Kramer confirms what has now become standard operating practice in the hasbara world: Christianity is not only superior to Islam, but is the very driver of civilization against the barbarity of the East.
It is crucial that Lewis reject the Convivencia of Jews, Muslims, and Christians in Spain, North Africa, and the Middle East and emphasize the dystopian theme of conflict and persecution. Like many Ashkenazim he turns a blind eye to the long Christian persecution of the Jews, fixating instead on the sporadic cases of Muslim persecution of Jews and Christians.
It was my attack on Lewis’ vile Anti-Sephardi and Anti-Arab racism that prevented my article on “The Levantine Option” from being published by The New York Times Op-Ed page many years ago. The article was eventually published by The Huffington Post.
Here is the quote from Lewis’ best-seller What Went Wrong? which expresses his contempt for Arab Jews and their culture:
The conflict, coexistence, or combination of these two traditions [i.e. the Judeo-Christian and the Judeo-Islamic] within a single small state, with a shared religion and a common citizenship and allegiance, should prove illuminating. For Israel, this issue may have an existential significance, since the survival of the state, surrounded, outnumbered, and outgunned by neighbors who reject its very right to exist, may depend on its largely Western-derived qualitative edge.
Here is my response from the article in which I defend the classical Sephardic heritage and the spirit of Convivencia:
The opposition between East and West promoted by Lewis, a permanent feature of the discourse on the conflict as reproduced by the Western media, is a dangerous mechanism that has occluded the voice of Jews who once maintained a crucial connection to the organic world of the Middle East. The silencing or marginalizing of the Arab Jewish voice has had a profoundly deleterious affect on the conflict.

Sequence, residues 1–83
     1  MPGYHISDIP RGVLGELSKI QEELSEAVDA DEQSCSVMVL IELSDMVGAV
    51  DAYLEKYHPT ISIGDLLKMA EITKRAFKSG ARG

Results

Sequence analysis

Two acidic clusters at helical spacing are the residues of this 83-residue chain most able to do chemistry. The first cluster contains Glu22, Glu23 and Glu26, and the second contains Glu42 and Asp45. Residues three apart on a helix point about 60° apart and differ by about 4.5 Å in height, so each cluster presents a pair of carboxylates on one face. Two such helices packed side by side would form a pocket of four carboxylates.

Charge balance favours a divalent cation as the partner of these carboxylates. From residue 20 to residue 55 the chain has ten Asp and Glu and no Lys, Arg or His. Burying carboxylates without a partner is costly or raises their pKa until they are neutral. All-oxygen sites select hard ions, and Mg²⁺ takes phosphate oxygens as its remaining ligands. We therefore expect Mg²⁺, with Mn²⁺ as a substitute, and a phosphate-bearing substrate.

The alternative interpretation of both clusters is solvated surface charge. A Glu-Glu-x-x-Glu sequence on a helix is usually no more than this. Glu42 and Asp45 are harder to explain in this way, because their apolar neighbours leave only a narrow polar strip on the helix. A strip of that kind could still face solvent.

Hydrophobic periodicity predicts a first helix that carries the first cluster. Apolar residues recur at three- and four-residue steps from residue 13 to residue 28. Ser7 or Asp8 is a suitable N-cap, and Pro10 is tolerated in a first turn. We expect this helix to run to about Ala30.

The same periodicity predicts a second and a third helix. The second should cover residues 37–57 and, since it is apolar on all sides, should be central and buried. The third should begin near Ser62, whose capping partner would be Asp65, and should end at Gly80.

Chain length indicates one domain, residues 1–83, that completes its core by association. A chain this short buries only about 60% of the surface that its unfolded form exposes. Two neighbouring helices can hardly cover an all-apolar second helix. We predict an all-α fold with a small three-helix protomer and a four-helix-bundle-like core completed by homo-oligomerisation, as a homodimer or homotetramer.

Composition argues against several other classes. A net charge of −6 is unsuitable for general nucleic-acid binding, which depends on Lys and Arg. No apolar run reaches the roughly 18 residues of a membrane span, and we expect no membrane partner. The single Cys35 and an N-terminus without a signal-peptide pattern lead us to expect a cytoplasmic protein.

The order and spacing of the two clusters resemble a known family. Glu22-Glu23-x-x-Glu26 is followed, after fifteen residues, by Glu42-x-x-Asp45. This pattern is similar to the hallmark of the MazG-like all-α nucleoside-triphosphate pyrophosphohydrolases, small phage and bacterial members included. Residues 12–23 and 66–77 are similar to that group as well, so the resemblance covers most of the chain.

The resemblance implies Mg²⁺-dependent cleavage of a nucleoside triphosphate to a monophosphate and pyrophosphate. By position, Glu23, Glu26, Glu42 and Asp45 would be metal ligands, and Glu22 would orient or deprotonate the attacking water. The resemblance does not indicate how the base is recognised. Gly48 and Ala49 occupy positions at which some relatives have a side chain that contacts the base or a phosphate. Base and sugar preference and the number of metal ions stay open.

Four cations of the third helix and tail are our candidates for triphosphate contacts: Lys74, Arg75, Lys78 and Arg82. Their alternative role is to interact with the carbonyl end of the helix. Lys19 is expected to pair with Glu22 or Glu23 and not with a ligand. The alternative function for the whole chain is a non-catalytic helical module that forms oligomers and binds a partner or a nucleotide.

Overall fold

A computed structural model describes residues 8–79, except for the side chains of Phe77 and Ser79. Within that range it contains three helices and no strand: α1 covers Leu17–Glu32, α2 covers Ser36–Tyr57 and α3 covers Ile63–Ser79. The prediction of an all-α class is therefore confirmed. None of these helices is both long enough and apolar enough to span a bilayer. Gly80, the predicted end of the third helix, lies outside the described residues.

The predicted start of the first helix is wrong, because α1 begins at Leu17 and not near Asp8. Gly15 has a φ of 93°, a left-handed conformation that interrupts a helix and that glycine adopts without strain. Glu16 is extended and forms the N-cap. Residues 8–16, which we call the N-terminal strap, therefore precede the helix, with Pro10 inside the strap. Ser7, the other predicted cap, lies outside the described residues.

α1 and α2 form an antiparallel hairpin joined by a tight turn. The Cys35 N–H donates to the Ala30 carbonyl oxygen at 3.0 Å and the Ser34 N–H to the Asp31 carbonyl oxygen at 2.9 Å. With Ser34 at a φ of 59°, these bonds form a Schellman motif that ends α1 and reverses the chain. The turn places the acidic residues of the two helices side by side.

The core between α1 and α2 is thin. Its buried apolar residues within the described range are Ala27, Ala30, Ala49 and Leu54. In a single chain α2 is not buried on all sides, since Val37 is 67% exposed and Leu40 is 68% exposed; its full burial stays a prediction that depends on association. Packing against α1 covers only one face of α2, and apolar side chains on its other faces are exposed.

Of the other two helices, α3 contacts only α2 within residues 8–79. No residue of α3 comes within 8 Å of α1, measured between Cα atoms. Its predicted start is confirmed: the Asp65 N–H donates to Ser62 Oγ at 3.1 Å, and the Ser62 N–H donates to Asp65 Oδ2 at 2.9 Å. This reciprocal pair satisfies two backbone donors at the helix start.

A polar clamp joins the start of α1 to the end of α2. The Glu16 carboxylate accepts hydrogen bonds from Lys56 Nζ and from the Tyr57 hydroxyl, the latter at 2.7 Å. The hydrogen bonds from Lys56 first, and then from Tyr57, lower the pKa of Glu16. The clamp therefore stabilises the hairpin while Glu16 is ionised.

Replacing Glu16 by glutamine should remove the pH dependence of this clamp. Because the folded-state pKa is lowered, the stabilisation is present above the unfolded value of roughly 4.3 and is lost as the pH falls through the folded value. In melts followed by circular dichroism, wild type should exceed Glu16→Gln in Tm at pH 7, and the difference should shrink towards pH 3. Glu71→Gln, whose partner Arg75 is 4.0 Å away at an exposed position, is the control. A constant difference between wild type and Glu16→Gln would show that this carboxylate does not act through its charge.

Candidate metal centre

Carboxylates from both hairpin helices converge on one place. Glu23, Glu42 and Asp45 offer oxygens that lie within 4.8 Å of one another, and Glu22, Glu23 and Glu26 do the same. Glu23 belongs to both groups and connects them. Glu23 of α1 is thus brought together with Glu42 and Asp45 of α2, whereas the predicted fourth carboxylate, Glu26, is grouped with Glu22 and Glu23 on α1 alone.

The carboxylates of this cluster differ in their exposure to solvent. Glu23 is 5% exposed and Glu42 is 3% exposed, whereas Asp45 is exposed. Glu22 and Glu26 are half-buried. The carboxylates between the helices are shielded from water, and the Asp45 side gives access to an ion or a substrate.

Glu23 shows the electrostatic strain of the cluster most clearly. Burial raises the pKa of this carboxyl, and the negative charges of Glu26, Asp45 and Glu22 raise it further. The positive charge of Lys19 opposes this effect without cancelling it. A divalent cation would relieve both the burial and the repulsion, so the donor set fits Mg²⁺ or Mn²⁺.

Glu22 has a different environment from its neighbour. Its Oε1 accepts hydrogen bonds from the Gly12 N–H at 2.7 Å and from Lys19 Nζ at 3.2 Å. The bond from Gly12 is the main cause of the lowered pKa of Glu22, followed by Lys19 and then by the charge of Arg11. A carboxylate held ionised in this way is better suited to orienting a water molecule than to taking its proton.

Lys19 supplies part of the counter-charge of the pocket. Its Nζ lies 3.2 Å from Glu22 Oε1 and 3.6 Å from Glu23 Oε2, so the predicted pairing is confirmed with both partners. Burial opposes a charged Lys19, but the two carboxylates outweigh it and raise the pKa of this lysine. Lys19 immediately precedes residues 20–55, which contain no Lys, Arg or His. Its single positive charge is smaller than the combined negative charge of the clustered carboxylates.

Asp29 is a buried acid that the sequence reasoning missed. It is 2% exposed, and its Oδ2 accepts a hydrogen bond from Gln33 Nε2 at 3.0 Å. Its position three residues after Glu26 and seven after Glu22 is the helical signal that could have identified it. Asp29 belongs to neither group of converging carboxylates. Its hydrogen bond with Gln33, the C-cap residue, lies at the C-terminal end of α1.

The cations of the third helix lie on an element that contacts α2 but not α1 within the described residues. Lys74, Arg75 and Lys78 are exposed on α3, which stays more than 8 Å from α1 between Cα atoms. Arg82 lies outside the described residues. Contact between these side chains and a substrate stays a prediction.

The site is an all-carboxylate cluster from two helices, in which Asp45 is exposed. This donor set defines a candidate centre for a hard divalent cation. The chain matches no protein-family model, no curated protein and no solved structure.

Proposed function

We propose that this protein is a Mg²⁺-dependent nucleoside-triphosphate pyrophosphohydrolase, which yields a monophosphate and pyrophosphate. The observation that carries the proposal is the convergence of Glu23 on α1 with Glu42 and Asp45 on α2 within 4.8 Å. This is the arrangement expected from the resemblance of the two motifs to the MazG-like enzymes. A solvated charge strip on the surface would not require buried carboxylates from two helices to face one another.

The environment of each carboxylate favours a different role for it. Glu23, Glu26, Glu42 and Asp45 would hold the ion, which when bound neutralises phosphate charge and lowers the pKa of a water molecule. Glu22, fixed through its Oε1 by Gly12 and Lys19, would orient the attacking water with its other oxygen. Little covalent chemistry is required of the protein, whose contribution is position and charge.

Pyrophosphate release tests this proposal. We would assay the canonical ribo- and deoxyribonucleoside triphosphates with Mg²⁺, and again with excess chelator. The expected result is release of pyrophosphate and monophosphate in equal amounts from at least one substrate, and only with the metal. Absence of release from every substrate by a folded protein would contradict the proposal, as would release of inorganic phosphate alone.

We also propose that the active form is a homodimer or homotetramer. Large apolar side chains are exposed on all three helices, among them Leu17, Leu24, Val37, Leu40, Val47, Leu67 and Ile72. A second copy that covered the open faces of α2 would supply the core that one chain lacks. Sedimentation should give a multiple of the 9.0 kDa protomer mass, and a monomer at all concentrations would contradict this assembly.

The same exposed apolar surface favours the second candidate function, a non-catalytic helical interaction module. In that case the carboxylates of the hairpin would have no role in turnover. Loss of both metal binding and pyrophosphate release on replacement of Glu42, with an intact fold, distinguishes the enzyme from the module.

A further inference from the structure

What if the future of the Middle East lay in the amicable interaction of the three religions, Judaism, Christianity and Islam, in a symbiotic formation that lays out the commonalities rather than the deep-seated differences that are rooted in the Ashkenazi experience?
If such a symbiosis were desirable, the memory of Moorish Spain where the three religions were able to coexist and produce a civilization of great worth, would take prominence. The Sephardic voice would be central in articulating what was termed Convivencia, the creative cultural dynamic that fired medieval Spanish civilization, until its collapse in 1492.
“The Levantine Option” would help collapse the alienating cult of persecution harbored in classical Zionist thought and omnipresent in the rituals of the state of Israel, replacing it with a more positive view of the past. The nihilistic “realism” of the current Israeli approach, centered on the institutionalized perpetuation of the twin legacies of the Holocaust and anti-Semitism, would be countered by memories of an indigenous Jewish past that had a constructive relationship with its surrounding environment. “The Levantine Option” would create a shared cultural space for Jews and Arabs to bring down the walls and barriers between the peoples.
Until we develop ways to talk to one another in a substantial and civilized way – from within a shared cultural space that exists for those of us who still espouse “The Levantine Option” – the questions surrounding Israel and Palestine, as well as the endemic violence that is a malignant cancer in the region, will continue to haunt Jews, Arabs and the rest of the world.
So while the Zionists celebrate the career of Bernard Lewis, Sephardim have much less to be appreciative for, as his “success” has led to our continuing failure and exclusion from the mainstream Jewish discussion.